Appeals court panel set to hear case that tests limits of college press rights

Wednesday, March 17, 1999

Fifteen months after a federal judge ruled that university officials had the right to censor student publications, a federal appeals court panel is to hear oral arguments tomorrow in a case that applied high school press standards to a college newspaper and yearbook.

In Kincaid v. Gibson, two students sued Kentucky State University officials in 1994 for censoring the newspaper and halting the distribution of the school yearbook. A federal district judge cited the U.S. Supreme Court's 1988 decision in Hazelwood School District v. Kuhlmeier, a high school press case, in his ruling for the university.

“This is the case that the college student media has been anticipating and dreading for the last 10 years,” said Mike Hiestand, attorney for the Student Press Law Center. “This case, were the court of appeals not to reverse, could change the face of college student journalism just as the face of high school journalism has been changed in the last 10 years by the Hazelwood decision.”

The Kentucky case began after school officials stopped distribution of the yearbook, The Thorobred, and stopped the newspaper, The Thorobred News, from publishing editorials and comic strips critical of school officials.

Charles Kincaid, a KSU student, and Capri Coffer, a former yearbook editor and newspaper staff writer, sued the university in federal court. They claimed the confiscation of the 1992-1994 yearbook, which has never been distributed, and the school's censorship of the newspaper violated their First Amendment rights.

U.S. District Judge Joseph M. Hood ruled against the students, saying Hazelwood also applied to college students. In Hazelwood, the Supreme Court ruled that high school officials can censor expression in student publications as long as they have a legitimate educational reason to do so.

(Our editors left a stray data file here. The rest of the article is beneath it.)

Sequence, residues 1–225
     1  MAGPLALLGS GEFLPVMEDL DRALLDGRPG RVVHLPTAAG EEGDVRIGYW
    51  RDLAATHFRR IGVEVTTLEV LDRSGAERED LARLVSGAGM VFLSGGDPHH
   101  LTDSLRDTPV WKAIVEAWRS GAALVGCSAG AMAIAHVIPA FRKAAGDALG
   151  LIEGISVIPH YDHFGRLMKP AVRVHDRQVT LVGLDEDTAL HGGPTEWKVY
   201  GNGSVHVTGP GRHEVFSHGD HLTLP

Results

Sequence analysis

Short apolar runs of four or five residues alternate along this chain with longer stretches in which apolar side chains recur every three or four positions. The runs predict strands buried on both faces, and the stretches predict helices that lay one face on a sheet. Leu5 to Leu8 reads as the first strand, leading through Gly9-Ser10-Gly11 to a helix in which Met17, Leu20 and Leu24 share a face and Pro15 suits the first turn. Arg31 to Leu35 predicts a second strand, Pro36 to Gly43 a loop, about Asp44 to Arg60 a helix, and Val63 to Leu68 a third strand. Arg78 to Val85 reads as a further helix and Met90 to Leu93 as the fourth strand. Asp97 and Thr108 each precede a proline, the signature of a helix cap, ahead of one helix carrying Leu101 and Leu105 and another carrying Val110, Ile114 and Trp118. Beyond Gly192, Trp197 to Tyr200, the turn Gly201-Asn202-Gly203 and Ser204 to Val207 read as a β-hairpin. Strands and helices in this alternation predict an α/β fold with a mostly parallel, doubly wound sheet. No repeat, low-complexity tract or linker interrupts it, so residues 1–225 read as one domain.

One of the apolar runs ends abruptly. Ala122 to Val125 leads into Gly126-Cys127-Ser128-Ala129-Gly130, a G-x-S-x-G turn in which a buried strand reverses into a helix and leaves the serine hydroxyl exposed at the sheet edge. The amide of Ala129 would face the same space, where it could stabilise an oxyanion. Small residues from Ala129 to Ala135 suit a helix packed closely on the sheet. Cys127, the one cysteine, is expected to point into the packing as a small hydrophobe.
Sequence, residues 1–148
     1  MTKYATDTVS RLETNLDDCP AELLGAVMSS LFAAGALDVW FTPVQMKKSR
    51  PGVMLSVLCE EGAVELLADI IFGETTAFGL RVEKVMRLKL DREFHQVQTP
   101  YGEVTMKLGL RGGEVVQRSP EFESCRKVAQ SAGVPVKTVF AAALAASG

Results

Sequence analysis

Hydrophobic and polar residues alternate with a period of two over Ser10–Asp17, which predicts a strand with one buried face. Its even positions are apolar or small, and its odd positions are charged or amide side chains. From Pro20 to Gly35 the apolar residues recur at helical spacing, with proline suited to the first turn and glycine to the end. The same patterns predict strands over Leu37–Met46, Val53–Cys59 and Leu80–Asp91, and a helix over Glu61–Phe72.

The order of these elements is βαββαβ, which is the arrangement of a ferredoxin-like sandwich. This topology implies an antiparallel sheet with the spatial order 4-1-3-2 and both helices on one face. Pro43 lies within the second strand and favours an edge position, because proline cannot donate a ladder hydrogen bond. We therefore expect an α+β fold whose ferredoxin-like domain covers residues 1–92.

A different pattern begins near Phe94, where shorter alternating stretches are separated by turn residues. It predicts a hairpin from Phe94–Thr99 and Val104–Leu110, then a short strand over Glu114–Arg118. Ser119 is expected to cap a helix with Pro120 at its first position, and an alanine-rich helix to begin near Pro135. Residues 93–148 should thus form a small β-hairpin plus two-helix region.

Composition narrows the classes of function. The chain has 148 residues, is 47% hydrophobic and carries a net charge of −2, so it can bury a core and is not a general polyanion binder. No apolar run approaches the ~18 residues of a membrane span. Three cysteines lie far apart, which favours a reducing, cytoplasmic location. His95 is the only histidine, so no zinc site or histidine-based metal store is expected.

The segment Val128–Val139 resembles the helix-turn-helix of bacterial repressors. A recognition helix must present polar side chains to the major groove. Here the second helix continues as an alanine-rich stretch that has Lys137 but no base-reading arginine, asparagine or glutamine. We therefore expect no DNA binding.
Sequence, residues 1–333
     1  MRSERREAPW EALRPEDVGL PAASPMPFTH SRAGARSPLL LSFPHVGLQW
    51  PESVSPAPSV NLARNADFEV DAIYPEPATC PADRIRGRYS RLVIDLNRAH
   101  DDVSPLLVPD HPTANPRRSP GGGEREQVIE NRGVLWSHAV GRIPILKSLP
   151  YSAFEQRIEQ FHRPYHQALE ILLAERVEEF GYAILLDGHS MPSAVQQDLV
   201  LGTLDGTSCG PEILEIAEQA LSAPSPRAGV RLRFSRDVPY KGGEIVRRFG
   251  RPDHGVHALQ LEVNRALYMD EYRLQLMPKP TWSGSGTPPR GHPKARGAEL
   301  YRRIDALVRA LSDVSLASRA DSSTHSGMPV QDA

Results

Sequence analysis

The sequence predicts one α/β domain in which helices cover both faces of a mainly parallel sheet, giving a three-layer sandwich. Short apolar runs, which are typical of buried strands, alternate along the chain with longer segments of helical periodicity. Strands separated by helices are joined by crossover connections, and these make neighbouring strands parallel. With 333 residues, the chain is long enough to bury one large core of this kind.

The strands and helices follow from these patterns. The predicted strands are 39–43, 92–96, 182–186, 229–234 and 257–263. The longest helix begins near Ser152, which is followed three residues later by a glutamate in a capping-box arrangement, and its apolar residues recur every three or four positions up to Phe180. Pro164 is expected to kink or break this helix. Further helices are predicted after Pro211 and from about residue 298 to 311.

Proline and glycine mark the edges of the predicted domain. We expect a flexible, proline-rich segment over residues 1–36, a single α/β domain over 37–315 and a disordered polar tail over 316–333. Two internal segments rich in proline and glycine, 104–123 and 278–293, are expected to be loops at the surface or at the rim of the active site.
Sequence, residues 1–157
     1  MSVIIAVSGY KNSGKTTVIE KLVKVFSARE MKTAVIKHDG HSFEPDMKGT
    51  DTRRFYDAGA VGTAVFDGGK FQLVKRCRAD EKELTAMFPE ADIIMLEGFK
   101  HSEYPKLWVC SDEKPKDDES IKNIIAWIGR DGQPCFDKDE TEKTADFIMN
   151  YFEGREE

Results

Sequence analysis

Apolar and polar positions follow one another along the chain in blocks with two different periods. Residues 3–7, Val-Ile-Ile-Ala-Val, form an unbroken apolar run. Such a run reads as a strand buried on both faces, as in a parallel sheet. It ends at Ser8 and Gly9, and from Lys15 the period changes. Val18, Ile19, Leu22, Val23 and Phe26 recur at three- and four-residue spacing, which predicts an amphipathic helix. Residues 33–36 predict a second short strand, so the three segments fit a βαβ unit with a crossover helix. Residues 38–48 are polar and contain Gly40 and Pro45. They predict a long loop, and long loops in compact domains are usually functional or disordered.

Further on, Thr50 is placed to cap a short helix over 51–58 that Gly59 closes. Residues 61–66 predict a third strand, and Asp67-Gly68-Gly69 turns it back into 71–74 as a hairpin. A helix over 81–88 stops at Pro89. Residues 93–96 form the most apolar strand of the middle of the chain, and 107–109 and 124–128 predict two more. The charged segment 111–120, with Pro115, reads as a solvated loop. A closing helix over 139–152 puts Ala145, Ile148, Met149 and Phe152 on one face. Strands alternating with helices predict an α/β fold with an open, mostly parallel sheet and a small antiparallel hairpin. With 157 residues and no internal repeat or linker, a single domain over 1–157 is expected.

Attorneys for the students pleaded for Hood to change his decision, noting that Hazelwood involved students in high school, not college.

Hood declined, writing: “The plaintiffs have not pointed out, or cited, any more persuasive authority than they originally did.… The court finds Hazelwood to be the starting point in an analysis of whether a publication is a public forum, regardless of the fact that Hazelwood purely dealt with a high school publication.”

Hiestand calls Hood's ruling a “sweeping decision” and one that runs counter to previous decisions concerning college press.

“Up to now, the courts have been pretty clear that college student journalists have the same First Amendment protections as professional journalists,” he said. “They are pretty much free to write what they see fit, provided they don't libel. This case would set a whole new standard — the Hazelwood standard — as the governing law.

“As we have found with our high school journalists, basically wherever school officials have an imagination, they can come up with a reason [their censorship meets] that standard.”

Attorney Bruce Orwin, who represents Kincaid and Coffer, calls Hood's decision “dangerous” because it makes the college newspaper and yearbook the equivalent of one produced in a high school classroom.

“He's pretty much stripped all First Amendment protections from these publications,” Orwin said, adding that, as far as he knew, Hood had never bothered to look at the yearbook.

In their appeal before a three-judge panel of the 6th U.S. Circuit Court of Appeals, the students claimed that Betty Gibson, then-vice president of student affairs, objected to newspaper stories that she said reflected negatively on the university. They argued that the publication adviser was temporarily removed from her position because she refused to censor the newspaper.

But Kentucky State administrators claimed they censored the newspaper and refused to distribute the yearbook because they were of poor quality and did not properly represent the university.

KSU President Dr. G.W. Reid declined to comment on the case and referred questions to Harold Green, the university's attorney. Green didn't return calls left with his office.

“Frankly, I'm surprised to see [the KSU officials] continue this charade,” Orwin said. “I can't imagine that they want to carry this image on.”